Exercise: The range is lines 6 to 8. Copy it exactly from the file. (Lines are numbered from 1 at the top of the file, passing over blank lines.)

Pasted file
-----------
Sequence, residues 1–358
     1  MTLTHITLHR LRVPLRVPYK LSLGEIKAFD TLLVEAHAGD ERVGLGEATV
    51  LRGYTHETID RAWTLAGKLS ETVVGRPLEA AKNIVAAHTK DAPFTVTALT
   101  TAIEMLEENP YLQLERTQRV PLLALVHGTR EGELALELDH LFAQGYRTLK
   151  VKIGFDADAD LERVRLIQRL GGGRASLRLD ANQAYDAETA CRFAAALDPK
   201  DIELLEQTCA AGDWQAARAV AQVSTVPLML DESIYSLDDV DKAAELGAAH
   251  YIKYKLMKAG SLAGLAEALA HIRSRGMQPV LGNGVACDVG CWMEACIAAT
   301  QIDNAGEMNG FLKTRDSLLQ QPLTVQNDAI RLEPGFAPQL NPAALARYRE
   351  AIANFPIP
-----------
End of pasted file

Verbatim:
   201  DIELLEQTCA AGDWQAARAV AQVSTVPLML DESIYSLDDV DKAAELGAAH
   251  YIKYKLMKAG SLAGLAEALA HIRSRGMQPV LGNGVACDVG CWMEACIAAT
   301  QIDNAGEMNG FLKTRDSLLQ QPLTVQNDAI RLEPGFAPQL NPAALARYRE